Paddle Guides: N. Yorks – Runswick Bay to Staithes (and back) 12km

The North Yorkshire Coast is famous for its quaint fishing villages and stunning beaches nestled at the foot of tall sea cliffs, and a paddle from Runswick Bay to Staithes is a perfect way to see two of the area’s prettiest. With a rich mining history, you’ll see evidence of ironstone and alum workings, as well as jet mines dotted along the cliff sides, and the whole area is renowned internationally for its Jurassic fossil finds and even boasts dinosaur footprints. At low tide you can expect to readily find ammonites, belemnites and bivalves, especially at the Kettleness end of Runswick beach, but please be aware that the shale cliffs along this coastline are treacherous and are prone to frequent and sometimes very large rockfalls.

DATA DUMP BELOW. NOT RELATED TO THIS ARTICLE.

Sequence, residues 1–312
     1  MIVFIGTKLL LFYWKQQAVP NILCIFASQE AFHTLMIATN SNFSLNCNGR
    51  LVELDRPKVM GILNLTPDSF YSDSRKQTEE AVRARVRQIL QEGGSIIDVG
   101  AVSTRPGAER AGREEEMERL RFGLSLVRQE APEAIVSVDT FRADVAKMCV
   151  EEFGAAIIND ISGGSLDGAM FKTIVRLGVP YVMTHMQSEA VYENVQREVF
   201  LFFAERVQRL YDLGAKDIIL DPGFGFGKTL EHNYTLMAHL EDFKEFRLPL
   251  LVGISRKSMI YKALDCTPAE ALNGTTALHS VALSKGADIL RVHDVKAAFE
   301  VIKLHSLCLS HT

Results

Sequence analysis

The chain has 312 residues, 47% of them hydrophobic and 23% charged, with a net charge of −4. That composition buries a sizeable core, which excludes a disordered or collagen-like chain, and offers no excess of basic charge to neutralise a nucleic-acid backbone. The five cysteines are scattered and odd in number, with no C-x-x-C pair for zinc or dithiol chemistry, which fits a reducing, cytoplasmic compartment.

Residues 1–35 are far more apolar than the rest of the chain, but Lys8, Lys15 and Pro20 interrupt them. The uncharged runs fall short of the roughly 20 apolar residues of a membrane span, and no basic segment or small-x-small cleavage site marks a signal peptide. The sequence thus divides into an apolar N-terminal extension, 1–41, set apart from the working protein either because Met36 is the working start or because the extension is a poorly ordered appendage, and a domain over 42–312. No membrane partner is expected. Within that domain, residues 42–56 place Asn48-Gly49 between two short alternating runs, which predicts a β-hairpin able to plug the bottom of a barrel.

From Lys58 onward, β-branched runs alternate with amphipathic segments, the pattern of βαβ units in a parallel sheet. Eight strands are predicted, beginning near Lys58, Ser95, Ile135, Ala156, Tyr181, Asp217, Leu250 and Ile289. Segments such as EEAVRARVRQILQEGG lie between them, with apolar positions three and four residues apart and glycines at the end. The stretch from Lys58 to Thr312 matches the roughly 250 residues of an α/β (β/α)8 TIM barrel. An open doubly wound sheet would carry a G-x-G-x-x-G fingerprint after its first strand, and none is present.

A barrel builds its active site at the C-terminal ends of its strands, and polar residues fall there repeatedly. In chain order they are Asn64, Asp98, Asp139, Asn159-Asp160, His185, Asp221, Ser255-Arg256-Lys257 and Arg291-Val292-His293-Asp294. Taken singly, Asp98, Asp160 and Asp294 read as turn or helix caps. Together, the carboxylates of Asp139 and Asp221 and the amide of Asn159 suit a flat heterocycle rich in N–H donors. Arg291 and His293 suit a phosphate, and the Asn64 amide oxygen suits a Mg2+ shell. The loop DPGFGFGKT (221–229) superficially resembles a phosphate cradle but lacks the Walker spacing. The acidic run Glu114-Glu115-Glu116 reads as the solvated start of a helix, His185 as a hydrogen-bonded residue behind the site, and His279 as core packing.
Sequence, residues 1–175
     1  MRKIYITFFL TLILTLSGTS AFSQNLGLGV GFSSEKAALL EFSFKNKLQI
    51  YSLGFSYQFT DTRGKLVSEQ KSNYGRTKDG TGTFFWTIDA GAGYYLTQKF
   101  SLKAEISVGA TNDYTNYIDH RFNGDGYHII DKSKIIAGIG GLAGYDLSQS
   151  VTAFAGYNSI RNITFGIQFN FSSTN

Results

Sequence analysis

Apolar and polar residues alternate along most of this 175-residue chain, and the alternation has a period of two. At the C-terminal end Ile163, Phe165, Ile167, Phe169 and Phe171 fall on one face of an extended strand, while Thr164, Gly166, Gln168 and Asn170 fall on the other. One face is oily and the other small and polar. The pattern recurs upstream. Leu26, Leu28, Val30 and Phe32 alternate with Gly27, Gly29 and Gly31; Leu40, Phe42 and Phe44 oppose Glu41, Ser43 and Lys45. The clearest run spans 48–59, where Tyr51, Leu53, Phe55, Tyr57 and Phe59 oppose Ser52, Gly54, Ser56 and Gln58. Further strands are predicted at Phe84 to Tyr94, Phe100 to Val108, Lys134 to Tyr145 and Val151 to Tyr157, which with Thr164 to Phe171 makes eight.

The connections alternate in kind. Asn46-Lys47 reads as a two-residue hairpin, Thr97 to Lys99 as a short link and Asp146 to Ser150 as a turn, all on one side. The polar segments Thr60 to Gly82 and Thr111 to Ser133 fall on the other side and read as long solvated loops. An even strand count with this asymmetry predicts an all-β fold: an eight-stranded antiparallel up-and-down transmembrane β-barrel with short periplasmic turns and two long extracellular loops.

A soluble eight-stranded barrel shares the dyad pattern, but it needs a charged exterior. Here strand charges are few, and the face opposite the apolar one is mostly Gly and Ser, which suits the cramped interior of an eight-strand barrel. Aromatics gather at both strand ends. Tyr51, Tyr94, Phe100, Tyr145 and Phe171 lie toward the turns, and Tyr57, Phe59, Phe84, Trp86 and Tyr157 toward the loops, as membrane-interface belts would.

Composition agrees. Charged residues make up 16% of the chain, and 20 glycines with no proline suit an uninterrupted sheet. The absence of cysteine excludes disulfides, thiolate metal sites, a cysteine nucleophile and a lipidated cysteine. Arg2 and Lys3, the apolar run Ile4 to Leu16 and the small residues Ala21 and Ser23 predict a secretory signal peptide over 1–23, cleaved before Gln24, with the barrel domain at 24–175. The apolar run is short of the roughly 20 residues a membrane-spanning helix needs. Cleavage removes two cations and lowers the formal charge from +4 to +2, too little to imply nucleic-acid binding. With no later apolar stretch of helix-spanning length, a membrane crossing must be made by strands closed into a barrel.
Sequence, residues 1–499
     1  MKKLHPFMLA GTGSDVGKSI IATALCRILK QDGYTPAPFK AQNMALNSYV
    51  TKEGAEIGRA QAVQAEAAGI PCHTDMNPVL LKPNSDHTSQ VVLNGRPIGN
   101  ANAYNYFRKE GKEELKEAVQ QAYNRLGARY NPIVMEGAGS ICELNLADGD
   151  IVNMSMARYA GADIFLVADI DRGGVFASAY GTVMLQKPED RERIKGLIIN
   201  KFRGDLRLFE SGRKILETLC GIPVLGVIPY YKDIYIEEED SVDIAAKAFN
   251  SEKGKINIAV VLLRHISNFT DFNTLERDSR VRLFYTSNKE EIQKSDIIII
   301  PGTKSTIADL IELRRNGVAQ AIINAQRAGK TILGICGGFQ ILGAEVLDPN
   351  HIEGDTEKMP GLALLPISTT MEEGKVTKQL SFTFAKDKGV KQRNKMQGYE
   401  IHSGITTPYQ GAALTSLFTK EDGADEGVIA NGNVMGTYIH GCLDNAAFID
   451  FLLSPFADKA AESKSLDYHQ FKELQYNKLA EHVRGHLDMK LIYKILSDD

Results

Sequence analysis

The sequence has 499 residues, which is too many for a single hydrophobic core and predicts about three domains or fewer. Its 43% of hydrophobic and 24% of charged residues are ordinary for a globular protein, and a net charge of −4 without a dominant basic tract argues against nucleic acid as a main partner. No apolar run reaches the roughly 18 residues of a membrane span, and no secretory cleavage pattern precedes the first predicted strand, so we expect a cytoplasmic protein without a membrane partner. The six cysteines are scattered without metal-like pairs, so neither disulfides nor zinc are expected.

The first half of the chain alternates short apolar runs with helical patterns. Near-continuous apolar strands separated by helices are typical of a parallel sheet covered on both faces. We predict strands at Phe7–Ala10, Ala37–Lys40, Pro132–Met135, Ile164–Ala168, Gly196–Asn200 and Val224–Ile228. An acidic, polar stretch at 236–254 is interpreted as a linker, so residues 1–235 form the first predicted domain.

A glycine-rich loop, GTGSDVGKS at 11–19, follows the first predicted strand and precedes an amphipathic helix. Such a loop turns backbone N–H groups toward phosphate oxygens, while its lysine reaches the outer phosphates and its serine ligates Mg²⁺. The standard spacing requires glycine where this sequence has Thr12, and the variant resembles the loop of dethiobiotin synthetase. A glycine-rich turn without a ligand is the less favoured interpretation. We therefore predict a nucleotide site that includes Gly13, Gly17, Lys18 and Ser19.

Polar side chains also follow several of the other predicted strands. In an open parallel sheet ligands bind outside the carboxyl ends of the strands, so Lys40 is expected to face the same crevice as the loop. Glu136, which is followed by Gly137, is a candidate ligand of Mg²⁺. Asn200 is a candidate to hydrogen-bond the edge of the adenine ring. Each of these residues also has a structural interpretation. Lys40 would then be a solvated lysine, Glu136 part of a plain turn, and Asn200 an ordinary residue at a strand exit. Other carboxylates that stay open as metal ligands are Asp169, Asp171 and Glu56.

Put in/Get out – Runswick Bay

  • Pay & Display (Coins/RingGo – 4644): NZ8089 1598 (harnessed.graced.easygoing)
  • 150m carry to the beach via slipway (trolley friendly). Although this is rather steep in places.
  • Public Toilets
  • Café (also selling buckets and spades, should you get the urge to build a sandcastle)
  • Experiences some surf, but generally less than the Sandsend/Whitby forecasts, due to location within the bay.

Runswick Bay